4. DNS packet arrives at time T + .250. Bucket is replenished with a pro-rated number of tokens based on the InterpacketArrivalTime * PolicerRate (in bytes). In this case, the new number of tokens in the bucket is: 5992 + .125 * 8000 = 6992. Packet size (1504) < bucket size (6992), so the packet is allowed to be sent and bucket is decremented to 5488.

    Eventually the bucket will empty since 1504 tokens are being used up for every 1000 that are put back in, but the important point is that the bucket is big enough that it never fills up in between intervals, so no tokens end up being wasted and the full 64,000 bps CIR can be sent.

    I’m not sure why CBWFQ behaves so much differently in 12.4(20)T and I was not able to find a whole lot of documentation on it. Here is one article about it from Cisco, but it does not really get into specifics:
    http://www.cisco.com/en/US/prod/collateral/iosswrel/ps6537/ps6558/white_paper_c11-481499.html
    For assigning bandwidths, the important thing to keep in mind is it seems that during congestion, classes that are configured with a guaranteed bandwidth are only allowed to use up that much bandwidth – which actually seems closer to how Cisco documentation claimed CBWFQ worked in the past.

    To use the flood script, you’ll need to download PERL from:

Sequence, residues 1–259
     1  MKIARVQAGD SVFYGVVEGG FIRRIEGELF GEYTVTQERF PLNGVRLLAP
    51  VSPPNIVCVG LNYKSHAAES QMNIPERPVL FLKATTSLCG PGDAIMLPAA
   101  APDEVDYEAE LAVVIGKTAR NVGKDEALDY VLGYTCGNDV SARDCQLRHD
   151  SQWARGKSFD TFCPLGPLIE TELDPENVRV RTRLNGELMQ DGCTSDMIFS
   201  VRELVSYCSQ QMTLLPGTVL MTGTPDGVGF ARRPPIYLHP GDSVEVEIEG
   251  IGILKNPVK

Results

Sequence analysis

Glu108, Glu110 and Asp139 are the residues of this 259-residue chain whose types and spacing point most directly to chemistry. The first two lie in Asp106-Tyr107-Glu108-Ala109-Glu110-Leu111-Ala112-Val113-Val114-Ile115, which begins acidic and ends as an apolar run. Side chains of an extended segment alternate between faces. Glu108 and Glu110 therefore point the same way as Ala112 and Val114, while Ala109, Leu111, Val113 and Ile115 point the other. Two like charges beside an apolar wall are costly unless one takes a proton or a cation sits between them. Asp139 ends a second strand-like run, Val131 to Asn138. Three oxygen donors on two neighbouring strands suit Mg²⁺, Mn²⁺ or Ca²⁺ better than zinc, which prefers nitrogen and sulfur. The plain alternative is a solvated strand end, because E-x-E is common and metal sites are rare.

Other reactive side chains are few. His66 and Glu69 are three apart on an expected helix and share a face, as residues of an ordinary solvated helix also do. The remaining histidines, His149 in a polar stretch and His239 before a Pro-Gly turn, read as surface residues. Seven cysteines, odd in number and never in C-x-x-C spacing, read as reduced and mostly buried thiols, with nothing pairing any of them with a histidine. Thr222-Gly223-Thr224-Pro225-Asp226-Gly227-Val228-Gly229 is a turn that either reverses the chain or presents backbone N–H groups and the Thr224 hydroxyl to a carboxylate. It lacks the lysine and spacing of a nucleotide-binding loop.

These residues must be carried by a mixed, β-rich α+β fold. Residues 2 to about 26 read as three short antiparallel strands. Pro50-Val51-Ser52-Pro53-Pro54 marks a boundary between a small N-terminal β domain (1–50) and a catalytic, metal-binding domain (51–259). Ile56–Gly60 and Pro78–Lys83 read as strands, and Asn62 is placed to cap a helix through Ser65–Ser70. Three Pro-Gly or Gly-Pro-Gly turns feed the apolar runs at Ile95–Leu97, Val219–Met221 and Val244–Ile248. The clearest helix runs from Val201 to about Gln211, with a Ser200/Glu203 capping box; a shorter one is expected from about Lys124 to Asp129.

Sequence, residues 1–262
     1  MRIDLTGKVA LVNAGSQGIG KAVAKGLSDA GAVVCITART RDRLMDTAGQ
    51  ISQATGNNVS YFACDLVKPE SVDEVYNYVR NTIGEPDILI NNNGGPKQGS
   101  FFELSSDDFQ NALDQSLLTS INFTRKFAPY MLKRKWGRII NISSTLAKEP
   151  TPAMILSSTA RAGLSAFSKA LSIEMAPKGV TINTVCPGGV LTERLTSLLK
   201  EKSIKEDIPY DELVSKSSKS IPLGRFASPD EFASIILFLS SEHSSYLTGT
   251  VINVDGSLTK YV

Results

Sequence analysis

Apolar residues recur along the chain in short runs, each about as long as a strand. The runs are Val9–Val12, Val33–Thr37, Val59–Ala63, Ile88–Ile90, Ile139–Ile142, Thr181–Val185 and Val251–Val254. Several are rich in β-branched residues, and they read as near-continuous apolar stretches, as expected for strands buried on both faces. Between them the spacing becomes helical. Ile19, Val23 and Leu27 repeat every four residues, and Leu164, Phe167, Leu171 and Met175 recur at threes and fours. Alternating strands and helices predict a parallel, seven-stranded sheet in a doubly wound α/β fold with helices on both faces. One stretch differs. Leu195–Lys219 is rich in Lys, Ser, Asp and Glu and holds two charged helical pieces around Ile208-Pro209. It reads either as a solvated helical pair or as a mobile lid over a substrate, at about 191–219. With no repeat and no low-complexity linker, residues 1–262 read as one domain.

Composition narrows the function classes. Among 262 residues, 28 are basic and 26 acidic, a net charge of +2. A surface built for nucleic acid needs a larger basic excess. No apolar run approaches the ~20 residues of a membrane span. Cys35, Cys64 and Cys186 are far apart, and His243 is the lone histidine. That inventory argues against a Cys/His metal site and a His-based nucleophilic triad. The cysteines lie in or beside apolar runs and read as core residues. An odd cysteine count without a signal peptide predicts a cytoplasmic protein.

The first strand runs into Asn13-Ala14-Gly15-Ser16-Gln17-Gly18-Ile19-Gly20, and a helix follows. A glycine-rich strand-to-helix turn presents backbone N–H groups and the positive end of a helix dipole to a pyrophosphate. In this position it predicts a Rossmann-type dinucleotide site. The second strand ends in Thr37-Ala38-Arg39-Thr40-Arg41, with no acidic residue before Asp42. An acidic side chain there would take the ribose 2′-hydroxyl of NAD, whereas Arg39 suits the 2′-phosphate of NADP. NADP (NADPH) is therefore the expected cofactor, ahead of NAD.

http://www.activestate.com/activeperl/
    After that, copy the script to a text document and save it as flood.pl, then open a command prompt and change to the directory where you saved the script and run it by typing the filename followed by the parameters (size, port number, etc).

  3. Joyce said

    Hi Andy,

    Ah,,now I understand where 8000 comes from, so it doesn’t matter what burst size value, the replenish rate is 8000 based on 64kbps.

    So I did an excel to subtract 1504 and add 1000 until after 13 packets when the bucket is empty, so it drops 1 packet and then it lets 2 packets to go and drop 1 packet. Because we only replenish 1000 while we need to subtract 1504. So after 13 packets, it just drop 1 packet and let 2 packets go and drop 1 packet and let 2 packets go. So it is still dropping 33% rate then instead of every other packet at 50% rate as in 1600 default settings. So even if we set burst to 3000 instead of 8000, it will still pretty much do 33% drop rate. So the only that will help for not dropping packet will be if the police rate is higher than 64kbps to have a replenish bigger than 1504, then in that case then probably the default burst size 0.2 sec is just as fine.